Twilio Raises $17 Million Series C From Bessemer and Union Square To Expand Abroad

Cloud communications pioneer Twilio is dominating the US with APIs that let developers add SMS, voice, and VoIP functionality to apps. Now it plans to roll out services to 20 more European countries using a $17 million Series C funding round. The investment comes from Bessemer Venture Partners and Union Square Ventures, both of which participated in its Series B a year ago, and brings Twilio to a total of $33.7 million in funding.

When I asked exactly where the funding would go, CEO and co-founder Jeff Lawson answered “Build up the sales team, build up the marketing team, building out product and hiring more engineers. A major area of growth for us is international. We’re in the UK and will be rolling out to the rest of Europe in the next couple months.”

Apparently, it was easy choosing to stick with Bessemer Venture Partners. Lawson tells me “The board made the decision [for Twilio to take a Series C round], and immediately Bessemer turned around and gave us a very compelling term sheet. They let me focus on building the company and not on funding.” Bessemer’s Byron Deeter and Union Square’s Albert Wenger remain on Twilio’s board of directors, and Lawson says they are “very much involved in the company in a good way, helping with recruiting and strategy.”

The funding will help Twilio maintain momentum after a big year, and continue hiring aggressively. The San Francisco-based company grew from 25 employees to nearly 100 in 2011, and increased its customer base by 400% to reach 75,000 developers. It launched Twilio Client which allows developers to integrate cloud communications capabilities into any application, and Twilio Connect so developers can let Twilio directly bill their clients or end-users for functionality usage.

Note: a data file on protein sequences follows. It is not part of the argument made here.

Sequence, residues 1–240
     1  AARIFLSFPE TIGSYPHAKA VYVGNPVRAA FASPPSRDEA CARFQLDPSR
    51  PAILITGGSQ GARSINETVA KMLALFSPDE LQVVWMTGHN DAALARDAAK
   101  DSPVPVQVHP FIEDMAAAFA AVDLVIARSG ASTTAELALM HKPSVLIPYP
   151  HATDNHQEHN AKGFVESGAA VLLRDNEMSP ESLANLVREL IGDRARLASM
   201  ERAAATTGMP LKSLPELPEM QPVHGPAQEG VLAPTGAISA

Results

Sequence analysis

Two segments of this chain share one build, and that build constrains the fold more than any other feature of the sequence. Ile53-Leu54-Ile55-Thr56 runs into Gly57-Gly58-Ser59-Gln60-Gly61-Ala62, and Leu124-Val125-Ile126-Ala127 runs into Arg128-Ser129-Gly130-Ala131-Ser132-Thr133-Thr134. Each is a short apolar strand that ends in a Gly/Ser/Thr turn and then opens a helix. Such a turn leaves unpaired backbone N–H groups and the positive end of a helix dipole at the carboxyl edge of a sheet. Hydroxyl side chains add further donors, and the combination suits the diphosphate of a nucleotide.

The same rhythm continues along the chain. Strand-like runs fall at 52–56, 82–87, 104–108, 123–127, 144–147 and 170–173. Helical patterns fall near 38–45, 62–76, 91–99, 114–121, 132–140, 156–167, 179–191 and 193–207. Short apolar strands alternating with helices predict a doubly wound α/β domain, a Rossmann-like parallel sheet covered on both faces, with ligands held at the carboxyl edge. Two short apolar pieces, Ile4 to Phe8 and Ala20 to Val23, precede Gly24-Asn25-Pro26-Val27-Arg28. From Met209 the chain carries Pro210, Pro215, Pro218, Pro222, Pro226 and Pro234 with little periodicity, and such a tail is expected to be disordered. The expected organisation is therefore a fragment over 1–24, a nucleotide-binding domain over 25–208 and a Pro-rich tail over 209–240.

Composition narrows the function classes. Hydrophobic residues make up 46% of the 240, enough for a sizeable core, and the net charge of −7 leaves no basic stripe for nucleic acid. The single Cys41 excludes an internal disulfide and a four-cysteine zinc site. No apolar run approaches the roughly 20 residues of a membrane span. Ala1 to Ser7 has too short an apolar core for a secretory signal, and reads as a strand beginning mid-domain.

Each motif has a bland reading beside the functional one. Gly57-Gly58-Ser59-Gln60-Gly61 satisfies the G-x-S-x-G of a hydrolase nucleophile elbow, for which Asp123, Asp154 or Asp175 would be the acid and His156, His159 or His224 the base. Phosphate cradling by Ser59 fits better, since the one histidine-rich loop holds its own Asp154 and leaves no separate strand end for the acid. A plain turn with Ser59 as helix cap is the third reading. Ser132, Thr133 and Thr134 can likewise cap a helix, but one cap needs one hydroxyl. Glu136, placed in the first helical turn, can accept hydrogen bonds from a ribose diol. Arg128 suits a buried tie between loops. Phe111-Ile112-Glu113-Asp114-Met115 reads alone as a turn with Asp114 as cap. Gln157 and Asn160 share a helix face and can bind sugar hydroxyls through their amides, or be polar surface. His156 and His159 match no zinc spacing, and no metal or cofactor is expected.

In October it brought its services to the UK so local and US developers could attain UK phone numbers. With the funding, it will expand to cover France, Sweden, Switzerland, Italy, and most other major European nations, though Germany and Ireland are noticeably absent. The push responds to the Twilio’s top customer request for the ability to reach an international audience.

Lawson tells me the end goal for Twilio is to “open the black box of telecom, and move the world away from the legacy of Cisco and Microsoft’s big expensive [hardware] that you put in your closet and watch age. We’re reinventing with the cloud, and it gets better every time we deploy code.” With well-laid plans for global domination and the funding to back it up, it will be difficult for anyone to catch up to Twilio.